Tuesday June 05, 2012
You may be able to take the girl out of the country but you cannot take the country out of the girl! Belinda Di Giambattista is a living breathing example of that quote! Belinda grew up in North Carolina and was exposed to farming and farmer's markets as a little girl. She went off to pursue her brilliant career in finance and found herself craving more spiritual and meaningful work. Belinda still lives in NYC but she has found a way to connect with her farming and healthy eating roots. She started a business making healthy food for kids called Butterbeans Kitchen.
I aksed Belinda for her grandmother's "Apple Moon Pies" and in true granny form, we got the "non-recipe, recipe!" Here's her note to me:
Hi Carole! My Granny wrote me the following note:
"They were dried apple fried pies, I never had a recipe. If you put a cup of firm pack dried apples in a sauce pan and a cup of water then bring it to a boil turn the heat down to low, you might have to add more water just a small amount depending on the apples, cook to mush, stir often. When cooked enough add spices and sugar to taste, I used bread dough. Take a ball the size of a walnut and roll it like a thin pie crust, spread the apple mix on 1/2 of the dough not to the edge of the dough, fold the other 1/2 dough over the apples with a fork press the crust together to seal in the apples then lay it carefully in a frying pan with some oil and fry that side then turn the pie over cook. I used to make a big stack of pies and my family loved to eat them." Izula Fentress
I thought it would be better to leave her version of the recipe as is to preserve how she thinks of it instead of writing it in a traditional style."
I spyed some dried apples at the farmers market last week and will pick some up on Friday and try to create a recipe to share this weekend. SOostay tuned!! In the meantime, here's her interview - enjoy!!
Tuesday May 22, 2012
If you tuned into the middle of this show you would be sure you were hearing the story of someone who grew up in Italy, however, my dear friend Donna grew up right around the corner in Pittsfield, Massachusetts to a Venetian-born father and a mother who was also from Northern Italy. Making Dandelion wine, siphoning vinegar from the barrel in the cellar and stocking up on specialty salame in Springfield were all a routine part of Donna's childhood. Listen in to hear Donna Kresiak reminisce about the age-old practices her parents brought with them from Italy, some of which she continues to do today. Listen in to Donna's show and you might even learn a thing or two about vinegar making!
Tuesday May 01, 2012
Sometimes it is the stories our relatives tell over and over and the ensuing laughter that helps to create the indelible bond to our family food heritage. This is the case for Stephanie Plunkett, niece of Agnes Djaha who I interviewed a few months ago. Although Stephanie does not remember being at a celebration for St. Barbara Feast Day(which her Aunt talks about in her interview) she has heard many of the stories of her family's past celebrations, allowing her a glimpse into the experiences of her relatives. Stephanie joins Heirloom Meal's Radio to tell us about how everything in her household growing up was about food and the ways she shares her Syrian and Lebanese food traditions with her own son today.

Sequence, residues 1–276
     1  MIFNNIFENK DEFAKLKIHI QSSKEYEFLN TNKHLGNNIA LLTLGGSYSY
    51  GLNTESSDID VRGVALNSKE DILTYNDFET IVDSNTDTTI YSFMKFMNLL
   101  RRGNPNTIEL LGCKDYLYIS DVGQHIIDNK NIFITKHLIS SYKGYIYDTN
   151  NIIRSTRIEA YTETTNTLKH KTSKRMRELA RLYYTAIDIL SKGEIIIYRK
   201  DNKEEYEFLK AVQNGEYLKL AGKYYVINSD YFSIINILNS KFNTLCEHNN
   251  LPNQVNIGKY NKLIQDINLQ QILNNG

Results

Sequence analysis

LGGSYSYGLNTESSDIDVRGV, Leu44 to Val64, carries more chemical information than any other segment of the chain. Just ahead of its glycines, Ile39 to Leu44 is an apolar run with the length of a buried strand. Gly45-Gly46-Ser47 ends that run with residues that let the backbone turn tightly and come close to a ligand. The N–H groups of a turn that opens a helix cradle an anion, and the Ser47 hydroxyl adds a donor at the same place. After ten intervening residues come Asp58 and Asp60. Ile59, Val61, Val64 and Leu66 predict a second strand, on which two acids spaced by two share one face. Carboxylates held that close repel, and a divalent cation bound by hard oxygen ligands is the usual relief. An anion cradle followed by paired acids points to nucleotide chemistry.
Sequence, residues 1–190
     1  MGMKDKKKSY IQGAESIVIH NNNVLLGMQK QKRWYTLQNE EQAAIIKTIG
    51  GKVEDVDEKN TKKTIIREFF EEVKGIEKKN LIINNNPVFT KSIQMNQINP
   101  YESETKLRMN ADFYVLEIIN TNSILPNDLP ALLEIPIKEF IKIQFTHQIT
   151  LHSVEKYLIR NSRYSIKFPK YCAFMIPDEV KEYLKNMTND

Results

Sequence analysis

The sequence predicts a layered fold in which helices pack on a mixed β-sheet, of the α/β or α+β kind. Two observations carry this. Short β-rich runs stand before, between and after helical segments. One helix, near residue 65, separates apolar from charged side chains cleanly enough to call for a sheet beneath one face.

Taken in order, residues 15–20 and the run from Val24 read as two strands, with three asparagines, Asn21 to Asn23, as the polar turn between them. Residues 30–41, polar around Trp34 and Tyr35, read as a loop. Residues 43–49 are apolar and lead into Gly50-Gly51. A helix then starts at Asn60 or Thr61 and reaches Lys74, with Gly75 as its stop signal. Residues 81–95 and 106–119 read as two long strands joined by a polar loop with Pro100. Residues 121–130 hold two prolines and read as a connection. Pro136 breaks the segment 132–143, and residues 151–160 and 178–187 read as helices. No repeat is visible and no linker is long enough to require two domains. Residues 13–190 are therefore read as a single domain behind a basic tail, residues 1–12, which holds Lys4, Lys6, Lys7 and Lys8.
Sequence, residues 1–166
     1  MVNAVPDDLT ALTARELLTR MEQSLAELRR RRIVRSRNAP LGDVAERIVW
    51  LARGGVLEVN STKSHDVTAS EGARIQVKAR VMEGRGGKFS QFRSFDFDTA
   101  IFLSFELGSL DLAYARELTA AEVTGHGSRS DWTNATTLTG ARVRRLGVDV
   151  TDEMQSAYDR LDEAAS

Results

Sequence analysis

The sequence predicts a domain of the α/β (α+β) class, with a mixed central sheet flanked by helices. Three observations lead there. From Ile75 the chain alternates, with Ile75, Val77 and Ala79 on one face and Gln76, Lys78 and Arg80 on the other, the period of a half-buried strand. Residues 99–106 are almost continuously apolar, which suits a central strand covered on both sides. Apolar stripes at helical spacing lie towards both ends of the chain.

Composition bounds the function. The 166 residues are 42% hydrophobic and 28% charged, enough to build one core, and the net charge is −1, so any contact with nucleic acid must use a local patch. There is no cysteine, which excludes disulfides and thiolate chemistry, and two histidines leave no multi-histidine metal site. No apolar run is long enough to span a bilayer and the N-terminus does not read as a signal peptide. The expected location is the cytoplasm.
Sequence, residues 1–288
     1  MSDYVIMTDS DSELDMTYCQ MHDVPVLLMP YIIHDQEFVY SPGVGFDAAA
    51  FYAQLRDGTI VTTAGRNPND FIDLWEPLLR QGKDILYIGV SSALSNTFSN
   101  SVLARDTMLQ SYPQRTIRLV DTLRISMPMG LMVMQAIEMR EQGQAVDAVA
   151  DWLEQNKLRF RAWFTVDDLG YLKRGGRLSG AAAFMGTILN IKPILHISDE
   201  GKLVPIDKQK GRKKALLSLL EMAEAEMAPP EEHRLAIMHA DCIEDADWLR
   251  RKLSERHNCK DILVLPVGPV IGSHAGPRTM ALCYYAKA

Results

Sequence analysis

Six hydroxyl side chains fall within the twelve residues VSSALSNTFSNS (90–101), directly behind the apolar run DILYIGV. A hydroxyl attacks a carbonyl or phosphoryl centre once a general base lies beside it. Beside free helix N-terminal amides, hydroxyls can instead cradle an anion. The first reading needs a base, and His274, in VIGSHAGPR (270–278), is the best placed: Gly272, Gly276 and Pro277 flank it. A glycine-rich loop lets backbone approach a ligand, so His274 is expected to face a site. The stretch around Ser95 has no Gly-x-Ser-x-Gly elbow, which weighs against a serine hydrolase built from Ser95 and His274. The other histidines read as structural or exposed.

Monday April 30, 2012
Beth Bader, author of The Cleaner Plate Club: Raising Healthy Eaters One Meal at a Time joins me to talk about her upbringing in rural Missouri. Describing herself as "one of the first of the latchkey generation" Beth's story of transitioing after her parent's divorce and moving to a farm at age 10 was truly a transition between the burgeoning canned/convenience food life and a life where everything was raised or grown locally or on the farm where her family lived. Later, on her own journey into motherhood she became even more concerned with the source and quality of what she was feeding her children and how to handle the challenges of encouraging kids to try new foods. Listen in to hear Beth tell us her story of growing up and share tips and advice for getting kids to try new foods and expand their palates!
Wednesday April 25, 2012
Listen in to Part 2 of Food Memory Lane with AnneMarie DeFreest as she illustrates the importance of paprika to her favorite Savory Hungarian recipes - Goulash and Chicken Paprikash and talks about the importance of knowing what kind of paprika(smoked, sweet, hot and more) and where it came from would go into different Hungarian recipes. She also tells us about her favorite Hungarian sweets – Kifli and Kalacs - whose recipes, techniques, and variations she learned as a child from her Aunt Betty.
Monday April 23, 2012
My best friend, AnneMarie DeFreest, joins me in Stockbridge for Part 1 of her 2 part show. While AnneMarie's most vivid food memories are passed to her from her father Jack Simko and his Hungarian heritage, the pleasure and importance of gathering at the table with cloth napkins and everyone in their specific seat, has left its own important set of memories and practices for her. As she and her siblings grew up and her father took over the cooking from her mother AnneMarie was able to experience again the smells and tastes she remembers of her Grandfather's cooking of recipes like Kifli and Kalacs and expose her own children to these recipes which had been so important to her upbringing. Listen in to hear her stories of growing up and savoring her paternal Hungarian food heritage in Part 1 and to Part 2 for more about the recipes she savors.